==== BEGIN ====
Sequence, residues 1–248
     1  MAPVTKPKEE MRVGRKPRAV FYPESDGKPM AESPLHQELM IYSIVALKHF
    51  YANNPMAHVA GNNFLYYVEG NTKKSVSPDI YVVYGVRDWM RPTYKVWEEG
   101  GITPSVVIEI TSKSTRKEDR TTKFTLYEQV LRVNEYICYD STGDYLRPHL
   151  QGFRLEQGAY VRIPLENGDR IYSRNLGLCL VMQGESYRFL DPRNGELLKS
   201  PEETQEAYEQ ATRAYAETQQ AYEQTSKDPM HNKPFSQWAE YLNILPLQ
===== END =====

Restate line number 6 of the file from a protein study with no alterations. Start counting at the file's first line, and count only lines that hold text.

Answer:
   201  PEETQEAYEQ ATRAYAETQQ AYEQTSKDPM HNKPFSQWAE YLNILPLQ